A Cheerful Visit to LA
Although more than 20 years have passed since the airing of the final episode of Cheers, one can still watch the hit sitcom via Hulu and other online streaming options.
While I rarely watched the show, its ubiquitous tagline, “Where everybody knows your name,” lives on. Particularly the oft-expressed craving for “community.” That theme popped up in a recent story I wrote about a church using social media as its leading growth tool.
One of the members talked about several men showing up at the hospital after a member of their group suffered chest pains. And how 15 members showed up at the airport to see off a woman flying to her sister’s funeral.
“All of that takes place outside the church,” he said. “It’s real community, not surface stuff. Real friendships and true family.”
I thought of this longing for community on a recent book-related trip to Los Angeles, when I worked with a co-author who lives about 15 minutes north of downtown LA.
One thing I particularly enjoyed was meeting a variety of his friends. They included the owner of a garage who, as a sidelight, works as a stunt double for Hollywood productions and has appeared in such films as Fast & Furious.
Then there was my reunion with co-author Tom Sirotnak, who I helped write a pair of books released by B&H Publishing in the 1990s. It was our first face-to-face meeting in about 15 years and concluded with a post-lunch stop at a nearby coffee shop.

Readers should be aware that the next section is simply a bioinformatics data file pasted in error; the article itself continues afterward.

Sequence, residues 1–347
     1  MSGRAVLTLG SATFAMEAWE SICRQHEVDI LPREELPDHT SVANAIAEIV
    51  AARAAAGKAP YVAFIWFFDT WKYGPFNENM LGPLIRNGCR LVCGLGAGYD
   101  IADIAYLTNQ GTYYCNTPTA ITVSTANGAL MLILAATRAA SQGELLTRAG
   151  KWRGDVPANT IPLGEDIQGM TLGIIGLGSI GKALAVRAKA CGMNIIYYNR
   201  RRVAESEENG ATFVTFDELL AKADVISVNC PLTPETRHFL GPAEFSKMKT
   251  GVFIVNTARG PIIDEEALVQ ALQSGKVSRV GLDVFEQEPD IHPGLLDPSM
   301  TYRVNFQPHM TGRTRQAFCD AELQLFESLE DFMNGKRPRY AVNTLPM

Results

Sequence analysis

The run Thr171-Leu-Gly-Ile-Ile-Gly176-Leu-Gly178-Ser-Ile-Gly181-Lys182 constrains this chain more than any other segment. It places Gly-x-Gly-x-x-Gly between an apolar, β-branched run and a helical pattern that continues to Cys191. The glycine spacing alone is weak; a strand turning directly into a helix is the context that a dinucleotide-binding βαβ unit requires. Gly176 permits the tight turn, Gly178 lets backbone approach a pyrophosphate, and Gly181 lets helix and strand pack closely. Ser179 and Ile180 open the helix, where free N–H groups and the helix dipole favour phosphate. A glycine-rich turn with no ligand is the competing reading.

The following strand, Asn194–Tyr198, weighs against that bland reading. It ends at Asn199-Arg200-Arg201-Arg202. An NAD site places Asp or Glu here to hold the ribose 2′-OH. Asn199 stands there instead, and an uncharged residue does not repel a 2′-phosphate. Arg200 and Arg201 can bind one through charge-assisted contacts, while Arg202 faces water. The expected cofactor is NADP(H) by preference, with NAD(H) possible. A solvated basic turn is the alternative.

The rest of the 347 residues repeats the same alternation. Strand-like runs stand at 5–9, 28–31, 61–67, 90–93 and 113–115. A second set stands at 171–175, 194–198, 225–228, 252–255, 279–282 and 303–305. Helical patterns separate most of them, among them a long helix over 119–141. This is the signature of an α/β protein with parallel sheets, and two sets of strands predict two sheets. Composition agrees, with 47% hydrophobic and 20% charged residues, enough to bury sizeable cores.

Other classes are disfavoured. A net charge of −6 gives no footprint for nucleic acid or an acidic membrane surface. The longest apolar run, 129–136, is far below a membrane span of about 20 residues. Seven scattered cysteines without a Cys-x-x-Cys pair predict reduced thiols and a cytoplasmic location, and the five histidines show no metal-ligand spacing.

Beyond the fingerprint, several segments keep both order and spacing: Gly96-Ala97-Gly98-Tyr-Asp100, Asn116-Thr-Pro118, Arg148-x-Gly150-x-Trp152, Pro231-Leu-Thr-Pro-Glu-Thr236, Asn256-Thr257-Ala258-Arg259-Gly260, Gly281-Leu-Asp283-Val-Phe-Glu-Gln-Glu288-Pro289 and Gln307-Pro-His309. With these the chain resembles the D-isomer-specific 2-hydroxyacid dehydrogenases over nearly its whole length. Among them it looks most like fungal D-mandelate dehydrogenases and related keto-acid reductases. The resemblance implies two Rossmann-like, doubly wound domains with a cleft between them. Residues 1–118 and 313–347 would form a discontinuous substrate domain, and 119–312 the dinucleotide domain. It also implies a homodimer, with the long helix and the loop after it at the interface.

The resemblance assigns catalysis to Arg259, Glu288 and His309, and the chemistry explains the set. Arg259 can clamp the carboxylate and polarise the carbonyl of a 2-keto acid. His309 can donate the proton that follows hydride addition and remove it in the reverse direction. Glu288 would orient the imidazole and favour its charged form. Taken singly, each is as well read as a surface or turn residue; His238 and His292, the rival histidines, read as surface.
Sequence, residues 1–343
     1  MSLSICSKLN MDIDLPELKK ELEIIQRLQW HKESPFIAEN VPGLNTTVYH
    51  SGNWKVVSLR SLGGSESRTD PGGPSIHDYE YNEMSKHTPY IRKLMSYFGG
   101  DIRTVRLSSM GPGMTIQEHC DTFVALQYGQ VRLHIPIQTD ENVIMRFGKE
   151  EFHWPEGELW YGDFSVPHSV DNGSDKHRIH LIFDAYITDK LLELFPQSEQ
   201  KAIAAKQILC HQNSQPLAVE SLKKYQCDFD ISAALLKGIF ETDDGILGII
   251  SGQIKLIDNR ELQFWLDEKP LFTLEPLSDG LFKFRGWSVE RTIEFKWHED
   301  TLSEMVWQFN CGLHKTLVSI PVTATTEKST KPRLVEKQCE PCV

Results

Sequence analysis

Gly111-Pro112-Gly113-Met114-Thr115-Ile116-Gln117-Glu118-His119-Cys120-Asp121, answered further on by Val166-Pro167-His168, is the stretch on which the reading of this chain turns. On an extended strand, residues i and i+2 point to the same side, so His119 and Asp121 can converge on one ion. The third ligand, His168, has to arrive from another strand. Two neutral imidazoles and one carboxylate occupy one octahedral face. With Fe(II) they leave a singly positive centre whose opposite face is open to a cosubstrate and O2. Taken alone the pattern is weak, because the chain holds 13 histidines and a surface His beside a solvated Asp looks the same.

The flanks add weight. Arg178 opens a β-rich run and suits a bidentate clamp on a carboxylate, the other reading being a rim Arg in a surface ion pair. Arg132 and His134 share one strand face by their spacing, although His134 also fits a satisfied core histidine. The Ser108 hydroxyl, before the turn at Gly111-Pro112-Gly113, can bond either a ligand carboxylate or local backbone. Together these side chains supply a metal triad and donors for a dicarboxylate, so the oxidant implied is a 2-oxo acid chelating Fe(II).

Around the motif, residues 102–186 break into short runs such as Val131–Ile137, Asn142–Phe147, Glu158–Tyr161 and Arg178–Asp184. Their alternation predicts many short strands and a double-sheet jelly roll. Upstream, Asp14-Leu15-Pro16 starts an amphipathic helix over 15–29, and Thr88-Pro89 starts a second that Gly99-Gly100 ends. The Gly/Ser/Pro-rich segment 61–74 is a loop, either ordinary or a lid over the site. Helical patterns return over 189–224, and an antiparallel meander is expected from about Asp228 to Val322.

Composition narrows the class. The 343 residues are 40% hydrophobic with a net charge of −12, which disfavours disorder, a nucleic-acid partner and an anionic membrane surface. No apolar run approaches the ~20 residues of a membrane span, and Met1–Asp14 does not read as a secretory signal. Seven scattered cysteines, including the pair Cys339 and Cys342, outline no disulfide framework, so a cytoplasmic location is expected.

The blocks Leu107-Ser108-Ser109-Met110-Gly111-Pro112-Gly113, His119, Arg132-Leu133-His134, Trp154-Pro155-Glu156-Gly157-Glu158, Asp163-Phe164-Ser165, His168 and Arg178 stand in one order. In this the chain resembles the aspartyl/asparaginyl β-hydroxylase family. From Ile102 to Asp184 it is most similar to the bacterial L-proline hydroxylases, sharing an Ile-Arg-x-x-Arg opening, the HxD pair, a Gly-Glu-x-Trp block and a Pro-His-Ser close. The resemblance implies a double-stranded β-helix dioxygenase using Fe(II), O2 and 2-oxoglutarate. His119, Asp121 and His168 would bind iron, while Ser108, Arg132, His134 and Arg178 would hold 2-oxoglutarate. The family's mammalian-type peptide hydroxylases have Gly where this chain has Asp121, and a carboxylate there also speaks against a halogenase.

There a businessman who—like Tom—had played football at Southern California, walked up and started chatting, saying he followed Tom on Facebook. We wound up talking for about 20 minutes, a conversation that eventually drew me in and involved an explanation of why I was in LA.
There was one other personal highlight of my week in LA. My last two days there we wound up having breakfast at La Abeja,, a rather ordinary-looking Mexican restaurant in the Highland Park area.
It’s a sparsely-furnished hangout with wooden booths. Nothing marks it as a toney, “can’t be missed” stop brimming with Hollywood glitterati. Indeed, I’m sure you won’t find it on any five-star tour maps or breathless descriptions of high-priced eateries.
And yet, the food is so good I consider it worth one’s time to sample if you’re ever in the area. On my first visit, I decided to eat light, since we were due to have lunch not long after our brunch-timed arrival.
The cheese quesadilla I had was so good that when we returned the morning of my return flight, I ordered another, along with a helping of rice and beans.
A Filling Meal
That meal was so filling that the only thing I ate for lunch en route to Chicago was a pack of snack crackers.
Just as warming was the author’s description of the restaurant as his favorite. Dating back more than 35 years, the founder has since passed on. La Abeja is operated by his son.
That son greeted the author with a smile and pleasant banter, the kind I noticed going on among other staff and visitors who dropped by during my time there.
It’s the kind of repartee that made Cheers such a hit, yet in this case it was the stuff of real life. I suspect that many of us spend too much time dreaming of fantasies that don’t exist while missing the community right around us.